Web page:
Teenage Drivers and Insurance Coverage: What Do You Need to Know?
Author: William Clifford Rambo, Esq.
It's undeniable that there's a stereotype that teenage or young drivers are poor drivers and more prone to accidents. This can be for a number of reasons: infamous teenage rowdiness or simply a lack of experience when it comes to driving, handling, and local roadways.
Unfortunately, there's another danger that teenage drivers can potentially pose to you and your family. That danger is the possibility of being underinsured.
Teenagers tend not to have the same insurance coverage as adults, on average. That's very likely because they don't have their life fully established yet and thus cannot afford the same security, such as automobile insurance, that older generations may have.
Therefore, what happens if you are in an accident where a teenage driver is the one at fault?
Even if he does have insurance, you may be looking at a minimum policy ― in Pennsylvania, that's $15,000 per person and $30,000 per accident. If you're seriously injured, including with potentially life-changing damage, that means that the most you'll get from the tortfeasor (the one at fault) is $15,000. I'm sure that's not an appealing prospect to anyone who values their financial security.
Fortunately, there is a cheap and reliable solution to this problem of underinsured drivers: underinsured motorist coverage, or simply "UIM."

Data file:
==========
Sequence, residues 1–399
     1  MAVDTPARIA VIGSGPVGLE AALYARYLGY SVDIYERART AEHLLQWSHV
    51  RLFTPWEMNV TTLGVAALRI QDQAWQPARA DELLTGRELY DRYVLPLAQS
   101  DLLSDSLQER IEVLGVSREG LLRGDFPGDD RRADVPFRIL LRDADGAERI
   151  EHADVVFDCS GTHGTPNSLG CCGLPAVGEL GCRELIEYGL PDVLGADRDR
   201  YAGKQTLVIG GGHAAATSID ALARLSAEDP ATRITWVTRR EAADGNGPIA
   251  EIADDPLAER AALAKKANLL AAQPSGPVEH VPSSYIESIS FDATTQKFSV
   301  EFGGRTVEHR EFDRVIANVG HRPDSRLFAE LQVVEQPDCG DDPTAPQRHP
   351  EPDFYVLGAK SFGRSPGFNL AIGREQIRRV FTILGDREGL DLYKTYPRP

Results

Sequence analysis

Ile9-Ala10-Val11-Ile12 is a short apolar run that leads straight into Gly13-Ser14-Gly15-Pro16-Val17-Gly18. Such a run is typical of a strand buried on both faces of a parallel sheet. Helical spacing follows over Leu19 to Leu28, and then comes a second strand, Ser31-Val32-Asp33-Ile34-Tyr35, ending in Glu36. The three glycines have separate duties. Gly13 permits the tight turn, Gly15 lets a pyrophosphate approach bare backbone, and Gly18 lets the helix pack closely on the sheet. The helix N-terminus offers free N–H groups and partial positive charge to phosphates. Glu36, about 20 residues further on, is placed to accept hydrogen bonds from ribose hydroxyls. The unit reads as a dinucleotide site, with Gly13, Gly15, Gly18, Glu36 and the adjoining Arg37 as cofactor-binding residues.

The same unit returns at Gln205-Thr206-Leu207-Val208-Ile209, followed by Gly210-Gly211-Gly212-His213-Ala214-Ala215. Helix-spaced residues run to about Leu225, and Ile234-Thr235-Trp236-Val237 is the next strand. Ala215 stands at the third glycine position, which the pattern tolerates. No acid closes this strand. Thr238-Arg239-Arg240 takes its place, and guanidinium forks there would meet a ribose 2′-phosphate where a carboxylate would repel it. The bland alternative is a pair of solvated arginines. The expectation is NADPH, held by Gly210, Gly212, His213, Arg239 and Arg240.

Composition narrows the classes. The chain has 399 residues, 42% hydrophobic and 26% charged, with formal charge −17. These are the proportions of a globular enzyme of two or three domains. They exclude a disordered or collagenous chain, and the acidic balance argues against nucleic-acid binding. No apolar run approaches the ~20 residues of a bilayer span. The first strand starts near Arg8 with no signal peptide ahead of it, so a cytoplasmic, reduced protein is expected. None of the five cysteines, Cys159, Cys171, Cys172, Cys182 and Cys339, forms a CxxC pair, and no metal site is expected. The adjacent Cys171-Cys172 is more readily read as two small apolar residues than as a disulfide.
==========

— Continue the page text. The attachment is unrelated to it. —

UIM is a type of coverage offered by your own automobile insurer that works like this: in the event that you are involved in an automobile accident that is the fault of someone else, and where you exhaust all of the tortfeasor's liability policy, you can then be eligible to go after your UIM benefits through your automobile insurer. This provides a supplemental source of funds where the person who caused you injuries didn't have enough to compensate you. The greatest part? It's cheap. It's sometimes very cheap. In looking at my own policy right now with Nationwide, I can tell you that I have purchased $100,000/$300,000 in UM and UIM benefits. This is only costing me a fraction of what my bodily injury liability and property damage liability benefits are ― and those two protect others, not me.
Uninsured motorist coverage works much like this, but it instead compensates you in the event that the tortfeasor has no automobile liability insurance. These two benefits usually come together. Lastly, it's important to note that you can purchase UM/UIM coverage up to the same amounts as your bodily injury liability limits. You can also elect stacking for UM/UIM, which means that you multiple the UM/UIM benefits by the number of cars on your policy.
Again, all of this is typically much cheaper than other types of coverages, and I've never seen an automobile insurer who doesn't offer them.
The fact of the matter is that, in a car accident, you're only going to reliably recover funds from one of two places: the tortfeasor's insurance or your own coverage. Between these two, it's clear that there's only one that you have any control over. Make sure that you and your family are protected from the worst possible scenario.
William Clifford Rambo, an associate in the firm, received his Juris Doctorate from the University of Baltimore School of Law in 2014. Prior to that, he was a 2011 graduate of DeSales University in Center Valley, where he earned a Bachelor of Arts degree in criminal justice and forensic psychology. If you are in need of legal help request a Free Consultation.